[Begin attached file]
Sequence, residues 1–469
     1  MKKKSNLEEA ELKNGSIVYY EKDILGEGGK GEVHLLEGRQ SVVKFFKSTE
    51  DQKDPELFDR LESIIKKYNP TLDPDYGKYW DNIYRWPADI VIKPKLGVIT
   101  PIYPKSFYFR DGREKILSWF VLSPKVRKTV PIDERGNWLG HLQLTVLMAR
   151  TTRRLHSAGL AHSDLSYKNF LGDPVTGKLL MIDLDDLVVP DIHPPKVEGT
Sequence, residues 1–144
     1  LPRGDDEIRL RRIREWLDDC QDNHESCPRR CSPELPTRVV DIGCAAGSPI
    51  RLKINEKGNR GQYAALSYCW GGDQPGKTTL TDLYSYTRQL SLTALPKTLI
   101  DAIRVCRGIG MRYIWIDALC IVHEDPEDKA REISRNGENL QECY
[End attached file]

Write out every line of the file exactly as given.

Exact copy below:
Sequence, residues 1–469
     1  MKKKSNLEEA ELKNGSIVYY EKDILGEGGK GEVHLLEGRQ SVVKFFKSTE
    51  DQKDPELFDR LESIIKKYNP TLDPDYGKYW DNIYRWPADI VIKPKLGVIT
   101  PIYPKSFYFR DGREKILSWF VLSPKVRKTV PIDERGNWLG HLQLTVLMAR
   151  TTRRLHSAGL AHSDLSYKNF LGDPVTGKLL MIDLDDLVVP DIHPPKVEGT
Sequence, residues 1–144
     1  LPRGDDEIRL RRIREWLDDC QDNHESCPRR CSPELPTRVV DIGCAAGSPI
    51  RLKINEKGNR GQYAALSYCW GGDQPGKTTL TDLYSYTRQL SLTALPKTLI
   101  DAIRVCRGIG MRYIWIDALC IVHEDPEDKA REISRNGENL QECY